A few years ago, the Social Security Administration (“SSA”) created the Division of Quality (“DQ”) and Quality Review Branch (“QRB”), which has increased the number of Administrative Law Judge (“ALJ”) decisions that the Appeals Council reviews on its “own motion.” The ostensible purpose of the DQ was to ensure greater consistency among ALJ decisions. However, as more time progresses, it has become apparent that the true purpose is to try to reduce the number of ALJ decisions that get approved.
My experience and that of my colleagues has been that the DQ has only reviewed clients’ ALJ decisions that have approved disability benefits. Several ALJs have told me that since the DQ was formed, the SSA has been demanding greater justification for approving disability claims, and statistics corroborate that ALJs have been pressured into significantly decreasing their approval rates during the same time period.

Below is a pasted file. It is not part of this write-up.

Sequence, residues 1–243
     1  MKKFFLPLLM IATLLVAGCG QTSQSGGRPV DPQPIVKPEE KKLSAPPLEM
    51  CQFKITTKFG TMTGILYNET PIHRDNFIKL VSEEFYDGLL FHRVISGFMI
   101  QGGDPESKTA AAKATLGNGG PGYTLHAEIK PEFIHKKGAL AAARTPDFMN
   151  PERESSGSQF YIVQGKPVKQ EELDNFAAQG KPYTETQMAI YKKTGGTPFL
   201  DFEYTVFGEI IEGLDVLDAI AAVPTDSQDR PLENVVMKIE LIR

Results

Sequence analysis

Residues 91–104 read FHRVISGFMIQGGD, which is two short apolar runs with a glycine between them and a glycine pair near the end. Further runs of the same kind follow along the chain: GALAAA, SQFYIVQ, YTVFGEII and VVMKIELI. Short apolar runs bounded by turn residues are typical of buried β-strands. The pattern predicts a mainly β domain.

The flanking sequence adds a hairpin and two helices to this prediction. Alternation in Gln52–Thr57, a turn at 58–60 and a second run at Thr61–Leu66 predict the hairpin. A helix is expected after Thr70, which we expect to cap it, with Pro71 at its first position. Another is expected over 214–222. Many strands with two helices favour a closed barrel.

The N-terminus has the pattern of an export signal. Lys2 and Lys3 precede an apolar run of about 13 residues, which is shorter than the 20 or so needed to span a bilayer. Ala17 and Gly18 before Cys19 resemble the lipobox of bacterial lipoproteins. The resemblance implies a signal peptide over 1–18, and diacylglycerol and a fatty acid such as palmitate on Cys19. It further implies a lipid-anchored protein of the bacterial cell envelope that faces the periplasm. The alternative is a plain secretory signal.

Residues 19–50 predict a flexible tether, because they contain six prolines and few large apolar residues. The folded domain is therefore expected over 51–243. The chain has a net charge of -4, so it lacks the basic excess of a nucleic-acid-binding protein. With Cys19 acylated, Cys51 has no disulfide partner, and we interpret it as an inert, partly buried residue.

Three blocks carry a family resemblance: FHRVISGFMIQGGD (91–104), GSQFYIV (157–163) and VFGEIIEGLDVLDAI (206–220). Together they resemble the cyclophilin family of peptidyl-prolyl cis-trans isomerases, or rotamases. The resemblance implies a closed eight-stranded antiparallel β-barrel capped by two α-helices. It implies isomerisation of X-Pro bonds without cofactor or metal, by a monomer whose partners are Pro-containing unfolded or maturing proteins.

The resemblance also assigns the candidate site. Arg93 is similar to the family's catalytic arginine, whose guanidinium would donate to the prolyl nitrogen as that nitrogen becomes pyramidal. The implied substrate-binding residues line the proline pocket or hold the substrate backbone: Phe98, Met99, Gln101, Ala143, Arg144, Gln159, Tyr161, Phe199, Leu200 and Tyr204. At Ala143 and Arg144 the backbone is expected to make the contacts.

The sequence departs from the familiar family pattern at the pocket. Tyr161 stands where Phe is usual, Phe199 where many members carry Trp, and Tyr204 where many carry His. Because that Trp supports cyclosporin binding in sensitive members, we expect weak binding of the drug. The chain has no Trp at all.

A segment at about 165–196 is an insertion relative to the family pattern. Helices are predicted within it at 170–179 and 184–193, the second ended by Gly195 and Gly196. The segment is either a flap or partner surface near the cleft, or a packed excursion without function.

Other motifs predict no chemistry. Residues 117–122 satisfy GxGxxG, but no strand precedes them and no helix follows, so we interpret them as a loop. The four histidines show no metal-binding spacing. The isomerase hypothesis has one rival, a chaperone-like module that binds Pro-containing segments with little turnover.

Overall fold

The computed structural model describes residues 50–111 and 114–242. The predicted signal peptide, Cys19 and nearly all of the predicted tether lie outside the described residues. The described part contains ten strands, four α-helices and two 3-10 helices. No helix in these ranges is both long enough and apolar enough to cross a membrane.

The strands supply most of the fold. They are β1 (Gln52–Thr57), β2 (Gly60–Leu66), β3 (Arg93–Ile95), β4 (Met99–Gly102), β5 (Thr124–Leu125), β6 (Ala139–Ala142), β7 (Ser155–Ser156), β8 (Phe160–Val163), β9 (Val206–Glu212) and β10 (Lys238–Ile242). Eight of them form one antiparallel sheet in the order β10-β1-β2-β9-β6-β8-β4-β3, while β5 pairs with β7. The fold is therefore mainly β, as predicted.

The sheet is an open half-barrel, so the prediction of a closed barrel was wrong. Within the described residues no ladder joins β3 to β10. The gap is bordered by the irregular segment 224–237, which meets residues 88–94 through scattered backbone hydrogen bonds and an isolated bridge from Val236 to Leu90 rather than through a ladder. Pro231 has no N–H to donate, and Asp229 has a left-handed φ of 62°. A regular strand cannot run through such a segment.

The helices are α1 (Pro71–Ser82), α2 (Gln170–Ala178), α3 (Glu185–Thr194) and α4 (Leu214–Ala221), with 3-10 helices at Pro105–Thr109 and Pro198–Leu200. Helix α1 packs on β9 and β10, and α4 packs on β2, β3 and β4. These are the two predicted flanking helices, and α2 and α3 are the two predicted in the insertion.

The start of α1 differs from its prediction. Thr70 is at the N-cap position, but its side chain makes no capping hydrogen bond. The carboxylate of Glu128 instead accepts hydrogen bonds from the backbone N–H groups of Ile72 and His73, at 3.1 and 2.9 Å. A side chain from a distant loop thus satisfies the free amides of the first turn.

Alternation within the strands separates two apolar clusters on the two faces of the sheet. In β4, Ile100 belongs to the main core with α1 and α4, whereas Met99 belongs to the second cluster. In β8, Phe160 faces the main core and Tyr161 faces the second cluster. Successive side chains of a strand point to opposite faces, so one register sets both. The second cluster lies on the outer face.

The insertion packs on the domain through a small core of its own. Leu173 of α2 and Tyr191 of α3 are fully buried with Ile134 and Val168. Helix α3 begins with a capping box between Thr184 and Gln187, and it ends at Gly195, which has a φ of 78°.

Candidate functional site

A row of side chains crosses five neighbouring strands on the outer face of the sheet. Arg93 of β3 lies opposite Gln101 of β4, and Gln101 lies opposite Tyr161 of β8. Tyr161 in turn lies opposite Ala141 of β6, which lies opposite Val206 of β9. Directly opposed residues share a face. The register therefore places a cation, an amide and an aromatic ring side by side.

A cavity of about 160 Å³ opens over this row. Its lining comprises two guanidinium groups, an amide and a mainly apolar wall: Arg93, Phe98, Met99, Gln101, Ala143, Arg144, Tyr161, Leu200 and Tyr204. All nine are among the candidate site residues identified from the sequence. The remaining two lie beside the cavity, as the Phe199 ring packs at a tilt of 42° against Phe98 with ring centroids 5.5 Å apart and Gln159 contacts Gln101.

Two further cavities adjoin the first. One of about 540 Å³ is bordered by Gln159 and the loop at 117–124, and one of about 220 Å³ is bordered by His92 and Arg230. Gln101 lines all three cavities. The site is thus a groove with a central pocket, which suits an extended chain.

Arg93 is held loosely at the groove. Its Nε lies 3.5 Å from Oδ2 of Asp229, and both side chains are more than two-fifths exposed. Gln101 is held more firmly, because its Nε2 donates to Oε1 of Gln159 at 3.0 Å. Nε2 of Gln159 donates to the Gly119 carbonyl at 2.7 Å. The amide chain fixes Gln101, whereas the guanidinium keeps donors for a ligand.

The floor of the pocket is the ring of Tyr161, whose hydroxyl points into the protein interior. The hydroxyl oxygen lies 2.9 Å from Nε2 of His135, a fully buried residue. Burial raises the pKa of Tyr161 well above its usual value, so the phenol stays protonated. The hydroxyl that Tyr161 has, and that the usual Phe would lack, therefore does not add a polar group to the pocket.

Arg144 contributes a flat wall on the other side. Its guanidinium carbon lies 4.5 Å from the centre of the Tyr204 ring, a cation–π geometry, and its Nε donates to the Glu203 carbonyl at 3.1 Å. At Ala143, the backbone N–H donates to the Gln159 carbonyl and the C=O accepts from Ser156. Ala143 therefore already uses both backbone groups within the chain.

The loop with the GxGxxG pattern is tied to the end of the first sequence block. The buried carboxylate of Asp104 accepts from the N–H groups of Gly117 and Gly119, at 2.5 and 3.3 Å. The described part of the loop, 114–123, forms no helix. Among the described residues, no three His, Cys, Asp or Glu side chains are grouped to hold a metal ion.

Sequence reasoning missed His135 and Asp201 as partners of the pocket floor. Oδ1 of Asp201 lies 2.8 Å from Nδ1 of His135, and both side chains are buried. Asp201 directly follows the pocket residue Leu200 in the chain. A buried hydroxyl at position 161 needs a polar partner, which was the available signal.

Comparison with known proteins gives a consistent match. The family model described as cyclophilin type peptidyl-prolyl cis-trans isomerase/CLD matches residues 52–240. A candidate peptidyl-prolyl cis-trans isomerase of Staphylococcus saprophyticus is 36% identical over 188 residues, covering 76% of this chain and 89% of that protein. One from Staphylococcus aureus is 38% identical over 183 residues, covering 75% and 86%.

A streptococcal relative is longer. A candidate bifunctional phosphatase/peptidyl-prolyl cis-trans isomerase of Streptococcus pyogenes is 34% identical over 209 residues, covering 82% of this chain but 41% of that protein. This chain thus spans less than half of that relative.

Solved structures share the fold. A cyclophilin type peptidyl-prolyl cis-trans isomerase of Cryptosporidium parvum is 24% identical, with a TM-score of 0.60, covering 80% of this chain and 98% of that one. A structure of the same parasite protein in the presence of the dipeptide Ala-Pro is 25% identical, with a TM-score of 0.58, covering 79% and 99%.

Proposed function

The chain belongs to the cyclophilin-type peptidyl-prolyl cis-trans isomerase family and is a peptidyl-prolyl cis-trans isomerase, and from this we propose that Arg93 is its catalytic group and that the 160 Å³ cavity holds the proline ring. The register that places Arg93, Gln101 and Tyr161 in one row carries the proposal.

The problem is that the SSA is supposed to be a neutral and non-adversarial agency. The DQ should be checking to see that ALJ decisions denying disability benefits are supportable with the same frequency that it checks ALJ decisions approving disability benefits. This lack of mutuality simply amplifies the cynicism about a claimant’s increasing difficulty of receiving a full and fair hearing process.